'Ozark' Star Tom Pelphrey Goes Deep on His Epic Five-Minute Monologue (Exclusive)

Season 3 of Ozark offers plenty of the blood-splattered violence and insidious undermining that [...]

Season 3 of Ozark offers plenty of the blood-splattered violence and insidious undermining that drew viewers to the Netflix crime drama in the first place. However, it provides plenty of quiet moments that can sometimes go unnoticed among the violence and tension. One such moment comes in the season's ninth episode, "Fire Pink," which begins with a five-minute monologue delivered by star Tom Pelphrey.

In an interview with PopCulture.com, which you can read in full here, the scene-stealer talked about everything from his rapport with his on-screen sister (played by Laura Linney), as well as when he first realized the kind of impact his character, Ben Davis, would leave behind. He also addressed the chilling, incoherent monologue from "Fire Pink," which showcased Pelphrey's talent. Though, as he explained, that scene "looked on the page almost exactly word for word what you see in the show."

"It was, and is — in my opinion — just that genius piece of writing," Pelphrey said. "I knew it as soon as I read it, I was simultaneously slightly intimidated and very excited, and I had the benefit of being able to get to work on that scene for weeks before I had to film it. It was one of the last things that we filmed. So I had plenty of time to feel very comfortable with the words and the structure and to get everything down perfect."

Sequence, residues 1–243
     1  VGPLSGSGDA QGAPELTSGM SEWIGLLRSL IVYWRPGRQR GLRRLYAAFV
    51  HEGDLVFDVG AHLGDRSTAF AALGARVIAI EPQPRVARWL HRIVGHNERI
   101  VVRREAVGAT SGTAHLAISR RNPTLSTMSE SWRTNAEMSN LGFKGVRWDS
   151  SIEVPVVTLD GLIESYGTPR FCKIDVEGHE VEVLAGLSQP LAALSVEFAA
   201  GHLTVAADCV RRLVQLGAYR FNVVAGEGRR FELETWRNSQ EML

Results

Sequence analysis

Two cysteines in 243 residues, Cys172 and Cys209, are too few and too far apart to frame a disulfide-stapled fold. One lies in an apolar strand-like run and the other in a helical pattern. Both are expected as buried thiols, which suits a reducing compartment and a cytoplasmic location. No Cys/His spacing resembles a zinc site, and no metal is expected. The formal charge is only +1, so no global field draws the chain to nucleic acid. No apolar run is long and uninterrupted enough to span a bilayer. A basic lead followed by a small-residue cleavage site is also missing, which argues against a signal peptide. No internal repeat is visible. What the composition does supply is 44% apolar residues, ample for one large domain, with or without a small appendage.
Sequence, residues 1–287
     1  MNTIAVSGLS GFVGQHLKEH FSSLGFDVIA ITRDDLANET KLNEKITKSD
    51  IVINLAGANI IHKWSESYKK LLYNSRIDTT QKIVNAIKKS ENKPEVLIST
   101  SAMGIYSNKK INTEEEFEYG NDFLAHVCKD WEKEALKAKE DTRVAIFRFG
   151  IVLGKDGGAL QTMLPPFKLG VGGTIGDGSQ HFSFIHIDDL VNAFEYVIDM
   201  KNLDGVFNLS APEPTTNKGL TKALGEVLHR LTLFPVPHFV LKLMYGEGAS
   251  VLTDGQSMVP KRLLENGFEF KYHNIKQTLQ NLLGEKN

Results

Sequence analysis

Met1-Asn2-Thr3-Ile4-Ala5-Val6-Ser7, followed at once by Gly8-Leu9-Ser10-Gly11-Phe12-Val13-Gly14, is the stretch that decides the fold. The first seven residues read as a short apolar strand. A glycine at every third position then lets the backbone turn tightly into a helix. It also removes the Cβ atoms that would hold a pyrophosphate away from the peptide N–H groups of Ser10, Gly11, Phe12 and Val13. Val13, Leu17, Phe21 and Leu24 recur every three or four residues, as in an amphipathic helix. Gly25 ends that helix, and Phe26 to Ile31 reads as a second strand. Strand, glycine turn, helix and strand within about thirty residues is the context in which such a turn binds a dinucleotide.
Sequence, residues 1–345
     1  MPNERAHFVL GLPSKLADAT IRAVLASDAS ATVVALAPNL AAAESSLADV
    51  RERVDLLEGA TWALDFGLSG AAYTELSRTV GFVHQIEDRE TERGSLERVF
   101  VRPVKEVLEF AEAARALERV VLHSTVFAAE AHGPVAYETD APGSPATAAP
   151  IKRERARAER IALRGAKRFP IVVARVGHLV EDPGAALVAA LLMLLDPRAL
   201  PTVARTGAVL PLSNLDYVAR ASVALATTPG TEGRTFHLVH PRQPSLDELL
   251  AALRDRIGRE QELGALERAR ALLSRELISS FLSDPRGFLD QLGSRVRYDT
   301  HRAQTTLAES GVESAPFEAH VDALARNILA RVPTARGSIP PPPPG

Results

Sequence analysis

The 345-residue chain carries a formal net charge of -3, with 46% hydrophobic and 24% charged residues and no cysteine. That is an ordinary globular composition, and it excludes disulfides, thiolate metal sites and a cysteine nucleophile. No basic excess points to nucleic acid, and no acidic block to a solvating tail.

"Like when you have writing that's that good, there's nothing you can do to add to it through improvisation or anything. In my opinion, you can only make it worse," the actor continued. "So there's a real desire to live up to the quality of the writing and being prepared and having everything word-perfect allows you a freedom to relax and sort of surprise yourself. Just get out of the way and let the writing room take you where it's gonna take you — and you can be present with the writing and sort of be surprised by where it goes because you know the writing is good. You know you can't go wrong."

Pelphrey went on to call the monologue, as well as the Ozark scripts overall, "a rare gift," admitting that there wasn't any way he could have improved it. "And to whatever extent people like that or thought it was good, it was written that way." For anyone who wants to experience this kind of acclaim, which isn't limited to Pelphrey's, all three seasons of Ozark are available to stream on Netflix.